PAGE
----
Cold Storage Terminology for Food Industry Newbies
Cold storage facilities are an essential component of the food industry. Virtually every piece of food that hits the American dinner table spends some time in climate controlled warehouse. Not surprisingly, there's a lot more to these cold storage warehouses than just a cold room. Behind every piece of food sitting on a pallet is a complex logistics chain that includes transportation, delivery and storage.
Air Changes - The number of times the volume of air is replaced per hour in a stationary or mobile climate controlled container.
Back Up Generators - Every cold storage facility should have an emergency plan for dealing with power outages. These plans normally rely on a set of diesel powered generators that kick in when the primary power source goes out. Anyone storing perishable food items in a commercial facility should inquire about the company's back up power plan.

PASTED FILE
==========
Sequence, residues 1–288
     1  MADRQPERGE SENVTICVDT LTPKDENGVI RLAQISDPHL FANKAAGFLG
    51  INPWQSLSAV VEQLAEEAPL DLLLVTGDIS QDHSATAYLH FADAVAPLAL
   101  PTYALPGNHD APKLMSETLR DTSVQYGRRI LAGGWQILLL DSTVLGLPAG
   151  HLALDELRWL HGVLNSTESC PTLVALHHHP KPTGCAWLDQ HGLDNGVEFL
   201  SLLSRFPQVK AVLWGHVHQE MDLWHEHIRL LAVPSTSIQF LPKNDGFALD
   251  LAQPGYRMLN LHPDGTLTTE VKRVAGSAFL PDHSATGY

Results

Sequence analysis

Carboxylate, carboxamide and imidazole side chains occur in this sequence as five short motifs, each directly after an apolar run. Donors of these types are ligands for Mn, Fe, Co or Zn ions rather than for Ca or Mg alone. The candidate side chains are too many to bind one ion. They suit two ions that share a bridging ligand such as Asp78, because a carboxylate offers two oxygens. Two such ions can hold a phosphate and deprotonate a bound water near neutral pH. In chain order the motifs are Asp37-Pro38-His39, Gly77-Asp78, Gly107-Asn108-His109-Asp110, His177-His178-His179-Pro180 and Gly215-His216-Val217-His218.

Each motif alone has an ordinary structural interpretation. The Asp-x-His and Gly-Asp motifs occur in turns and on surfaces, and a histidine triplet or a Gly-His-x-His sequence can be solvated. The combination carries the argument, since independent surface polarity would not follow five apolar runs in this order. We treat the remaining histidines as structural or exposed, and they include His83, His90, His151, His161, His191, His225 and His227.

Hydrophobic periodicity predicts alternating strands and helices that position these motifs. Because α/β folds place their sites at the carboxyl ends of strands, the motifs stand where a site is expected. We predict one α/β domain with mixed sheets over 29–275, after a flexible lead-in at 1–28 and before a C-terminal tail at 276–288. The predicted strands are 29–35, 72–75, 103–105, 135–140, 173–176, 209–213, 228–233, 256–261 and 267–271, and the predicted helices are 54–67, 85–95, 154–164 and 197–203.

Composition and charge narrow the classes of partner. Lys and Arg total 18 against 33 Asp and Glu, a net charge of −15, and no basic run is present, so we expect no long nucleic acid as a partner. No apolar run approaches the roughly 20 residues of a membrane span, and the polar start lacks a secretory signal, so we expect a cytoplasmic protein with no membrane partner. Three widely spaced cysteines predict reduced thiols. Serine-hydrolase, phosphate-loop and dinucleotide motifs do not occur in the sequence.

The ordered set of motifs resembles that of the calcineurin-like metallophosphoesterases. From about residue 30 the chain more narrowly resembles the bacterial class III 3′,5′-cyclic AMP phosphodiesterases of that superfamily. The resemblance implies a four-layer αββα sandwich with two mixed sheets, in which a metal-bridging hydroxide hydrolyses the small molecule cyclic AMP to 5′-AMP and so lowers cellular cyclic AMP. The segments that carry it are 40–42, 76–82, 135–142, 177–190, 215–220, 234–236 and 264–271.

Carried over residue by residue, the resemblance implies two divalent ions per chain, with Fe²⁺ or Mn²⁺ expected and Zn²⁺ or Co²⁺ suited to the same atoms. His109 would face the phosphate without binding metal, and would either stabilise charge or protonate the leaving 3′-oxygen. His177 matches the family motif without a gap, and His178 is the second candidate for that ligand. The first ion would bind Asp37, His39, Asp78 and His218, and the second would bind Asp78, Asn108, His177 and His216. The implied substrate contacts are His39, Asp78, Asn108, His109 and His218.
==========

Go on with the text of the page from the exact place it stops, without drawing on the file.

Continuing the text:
Cold Storage - Any refrigerated storage facility with a sustained temperature between 0-65 degrees Fahrenheit.
Cool Storage - A climate controlled facility with a temperature between 40-65 degrees Fahrenheit.
Dew Point - This term refers to the temperature at which condensation begins forming on items in the container or facility.
Dry Storage - Any mobile or stationary storage facility that is not cool, cold or frozen. Most warehouses would fall into this category.
Logistics - This catch all term refers to the overall process of transporting people or products from one point to another.
Pallets - The wooden platforms on which materials are stored. Pallets are designed to be moved by forklifts or manual pallet jacks. Some facilities may charge a fee for pallets.